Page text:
One of the most frequently cited concerns with Bill C-11’s digital lock rules is that they create a two-tier legal framework that is technologically non-neutral. Where content does not have a lock or is in non-digital form, the usual copyright balance applies including fair dealing and consumer exceptions. However, with Bill C-11, once there is a digital lock included with the content, the balance disappears since the fair dealing and consumer exceptions can be overriden. A description of the situation:
The Bill also favours digital lock business models for the sale and delivery of content over unlocked means of dissemination. In the traditional model, copyright holders control the exclusive right to reproduce content onto CDs or DVDs. Once an unlocked copy is created, rights holders cannot control the application of copyright exceptions such as fair dealing. But the Bill creates a different situation simply because a copy of digital content is delivered with a digital lock. This is an economically inefficient interpretation of an Act that is meant to fairly balance the interests of rights holders and users to further the interests of society as a whole.
While consumer groups have been making this case against technological non-neutral copyright for months (and Charlie Angus raised precisely this point in the House of Commons yesterday expressing concern about a “two-tier set of rights”), the above quote is a slightly modified version of arguments by the Entertainment Software Association of Canada, one of the lead proponents of the digital lock rules.
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The Canadian Association for Open Source promotes the use and development of free, open source software, by providing a public voice to the community of its Canadian users, developers and supporters. The Association submitted comments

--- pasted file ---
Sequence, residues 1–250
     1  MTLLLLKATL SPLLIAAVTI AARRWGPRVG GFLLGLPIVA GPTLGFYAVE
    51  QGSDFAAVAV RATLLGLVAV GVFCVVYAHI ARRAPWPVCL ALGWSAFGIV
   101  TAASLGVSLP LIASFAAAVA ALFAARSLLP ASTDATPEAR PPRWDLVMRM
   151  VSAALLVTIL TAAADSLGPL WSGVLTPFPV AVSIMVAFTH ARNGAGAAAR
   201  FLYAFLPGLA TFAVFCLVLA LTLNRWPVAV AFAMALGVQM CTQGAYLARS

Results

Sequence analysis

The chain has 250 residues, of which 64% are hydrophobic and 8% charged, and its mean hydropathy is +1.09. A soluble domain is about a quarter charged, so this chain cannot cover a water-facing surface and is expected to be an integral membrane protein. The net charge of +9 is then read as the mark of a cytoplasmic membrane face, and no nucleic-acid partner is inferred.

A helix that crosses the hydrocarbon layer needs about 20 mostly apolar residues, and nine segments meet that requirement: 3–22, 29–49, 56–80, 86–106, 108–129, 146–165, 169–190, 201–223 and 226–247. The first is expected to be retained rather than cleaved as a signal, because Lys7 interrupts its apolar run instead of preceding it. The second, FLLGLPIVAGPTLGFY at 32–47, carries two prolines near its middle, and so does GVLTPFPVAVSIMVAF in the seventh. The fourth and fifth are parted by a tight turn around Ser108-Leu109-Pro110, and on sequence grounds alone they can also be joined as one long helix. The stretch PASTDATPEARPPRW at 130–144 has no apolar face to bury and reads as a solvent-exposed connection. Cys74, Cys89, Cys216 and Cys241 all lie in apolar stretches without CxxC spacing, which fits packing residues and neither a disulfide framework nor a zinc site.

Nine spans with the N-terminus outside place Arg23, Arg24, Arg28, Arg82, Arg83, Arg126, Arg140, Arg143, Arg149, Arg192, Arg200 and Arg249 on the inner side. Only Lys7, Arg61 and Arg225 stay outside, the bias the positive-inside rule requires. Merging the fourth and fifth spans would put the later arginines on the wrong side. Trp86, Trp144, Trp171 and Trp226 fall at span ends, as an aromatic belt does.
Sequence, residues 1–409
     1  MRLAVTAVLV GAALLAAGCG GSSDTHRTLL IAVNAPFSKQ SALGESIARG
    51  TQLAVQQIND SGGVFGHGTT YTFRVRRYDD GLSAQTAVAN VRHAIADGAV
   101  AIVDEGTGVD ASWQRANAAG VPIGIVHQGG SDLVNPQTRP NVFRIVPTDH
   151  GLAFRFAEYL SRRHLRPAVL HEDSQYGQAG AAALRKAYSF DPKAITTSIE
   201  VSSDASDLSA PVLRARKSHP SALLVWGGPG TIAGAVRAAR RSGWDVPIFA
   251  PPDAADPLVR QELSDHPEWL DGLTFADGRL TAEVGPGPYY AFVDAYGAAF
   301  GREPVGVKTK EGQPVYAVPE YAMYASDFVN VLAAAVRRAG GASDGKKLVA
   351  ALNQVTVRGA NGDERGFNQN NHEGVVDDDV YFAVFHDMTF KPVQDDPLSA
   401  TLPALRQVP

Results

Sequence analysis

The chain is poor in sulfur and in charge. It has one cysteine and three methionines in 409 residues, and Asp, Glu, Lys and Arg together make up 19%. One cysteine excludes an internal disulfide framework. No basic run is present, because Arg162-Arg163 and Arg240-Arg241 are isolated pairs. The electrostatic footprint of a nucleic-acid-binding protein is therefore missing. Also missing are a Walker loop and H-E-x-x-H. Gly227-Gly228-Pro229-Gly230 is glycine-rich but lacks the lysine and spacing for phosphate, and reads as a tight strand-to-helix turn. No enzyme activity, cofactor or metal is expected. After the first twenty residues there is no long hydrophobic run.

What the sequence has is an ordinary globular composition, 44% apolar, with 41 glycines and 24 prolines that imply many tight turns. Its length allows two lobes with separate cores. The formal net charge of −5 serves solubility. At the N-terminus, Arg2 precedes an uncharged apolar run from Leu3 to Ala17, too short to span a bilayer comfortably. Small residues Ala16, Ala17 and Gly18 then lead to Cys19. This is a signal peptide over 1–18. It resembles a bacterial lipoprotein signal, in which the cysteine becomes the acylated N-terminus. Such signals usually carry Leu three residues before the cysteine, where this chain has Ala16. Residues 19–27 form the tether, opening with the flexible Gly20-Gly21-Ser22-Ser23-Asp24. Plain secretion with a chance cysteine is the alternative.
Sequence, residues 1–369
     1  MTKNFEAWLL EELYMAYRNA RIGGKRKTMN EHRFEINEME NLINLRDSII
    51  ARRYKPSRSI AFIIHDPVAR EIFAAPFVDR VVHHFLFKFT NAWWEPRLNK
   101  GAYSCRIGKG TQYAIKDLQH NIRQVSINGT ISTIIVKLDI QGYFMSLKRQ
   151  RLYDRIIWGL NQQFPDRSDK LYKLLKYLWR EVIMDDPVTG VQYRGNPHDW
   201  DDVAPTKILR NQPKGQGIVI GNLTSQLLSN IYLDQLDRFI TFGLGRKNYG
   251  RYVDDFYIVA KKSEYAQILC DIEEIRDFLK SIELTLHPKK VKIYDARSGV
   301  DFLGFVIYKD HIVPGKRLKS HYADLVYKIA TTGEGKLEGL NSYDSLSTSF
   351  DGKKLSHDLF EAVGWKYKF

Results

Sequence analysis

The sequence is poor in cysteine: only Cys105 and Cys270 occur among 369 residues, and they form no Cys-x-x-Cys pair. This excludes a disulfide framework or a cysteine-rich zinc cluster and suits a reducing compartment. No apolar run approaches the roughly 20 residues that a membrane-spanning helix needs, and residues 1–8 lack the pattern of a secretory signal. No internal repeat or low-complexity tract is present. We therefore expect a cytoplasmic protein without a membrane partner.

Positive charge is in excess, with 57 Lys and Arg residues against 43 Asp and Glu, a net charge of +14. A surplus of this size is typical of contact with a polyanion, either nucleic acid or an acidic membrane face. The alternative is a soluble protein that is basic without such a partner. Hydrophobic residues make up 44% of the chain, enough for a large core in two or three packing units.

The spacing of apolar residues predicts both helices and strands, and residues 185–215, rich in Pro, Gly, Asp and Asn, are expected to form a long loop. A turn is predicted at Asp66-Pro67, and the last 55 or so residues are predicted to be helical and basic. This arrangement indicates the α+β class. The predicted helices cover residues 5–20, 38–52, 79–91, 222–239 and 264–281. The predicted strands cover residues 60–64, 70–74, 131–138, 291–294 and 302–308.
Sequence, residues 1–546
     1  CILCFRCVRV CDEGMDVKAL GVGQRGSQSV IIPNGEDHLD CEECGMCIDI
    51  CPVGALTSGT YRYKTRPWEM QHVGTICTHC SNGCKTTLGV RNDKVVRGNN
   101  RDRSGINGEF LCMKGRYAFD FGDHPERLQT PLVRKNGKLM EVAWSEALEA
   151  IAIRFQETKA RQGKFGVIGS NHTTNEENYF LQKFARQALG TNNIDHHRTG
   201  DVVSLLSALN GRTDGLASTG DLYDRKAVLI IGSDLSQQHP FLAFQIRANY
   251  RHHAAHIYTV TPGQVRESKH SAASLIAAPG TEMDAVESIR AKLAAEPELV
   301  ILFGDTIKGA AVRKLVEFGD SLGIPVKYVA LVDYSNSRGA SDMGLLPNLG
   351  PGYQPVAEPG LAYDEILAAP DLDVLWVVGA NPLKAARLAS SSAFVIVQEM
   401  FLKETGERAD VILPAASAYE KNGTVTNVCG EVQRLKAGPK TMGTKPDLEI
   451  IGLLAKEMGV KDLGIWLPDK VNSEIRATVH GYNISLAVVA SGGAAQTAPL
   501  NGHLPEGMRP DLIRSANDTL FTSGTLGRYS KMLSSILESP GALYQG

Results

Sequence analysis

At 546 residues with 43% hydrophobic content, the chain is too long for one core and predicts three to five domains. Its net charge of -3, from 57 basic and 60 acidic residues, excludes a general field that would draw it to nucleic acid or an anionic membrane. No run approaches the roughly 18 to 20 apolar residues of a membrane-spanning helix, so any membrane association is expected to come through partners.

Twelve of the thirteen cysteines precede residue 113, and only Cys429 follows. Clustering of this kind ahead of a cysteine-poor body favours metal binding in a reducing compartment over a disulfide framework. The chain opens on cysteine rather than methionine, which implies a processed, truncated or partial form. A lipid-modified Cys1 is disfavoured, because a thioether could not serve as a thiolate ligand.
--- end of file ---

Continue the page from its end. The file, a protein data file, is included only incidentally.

to the 2009 national copyright consultation that included the following on digital locks:
The key policy for software authors is “technological measures”, given this policy is about what software the owners of computers are and are not allowed to install and use on their own hardware. The Liberal Bill C-60 recognized the nuances of the 1996 WIPO treaties and tied anti-circumvention legislation to activities that would otherwise infringe coyright. The WIPO treaties use language such as:
Contracting Parties shall provide adequate legal protection and effective legal remedies against the circumvention of effective technological measures that are used by authors in connection with the exercise of their rights under this Treaty or the Berne Convention and that restrict acts, in respect of their works, which are not authorized by the authors concerned or permitted by law.
Being “used by authors in connection with” and “or permitted by law” suggests that anti-circumvention legislation should be tied to infringing activities. Copyright and other laws (including privacy law) should trump technological measures when there is a conflict, not the other way around. By clarifying that the anti-circumvention legislation is tied to copyright, the legislation could also avoid providing any protection for technical measures applied to devices by other than their owners.
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Big news on the open government front where Embassy is reporting that Statistics Canada will make all of its online data free starting early next year.
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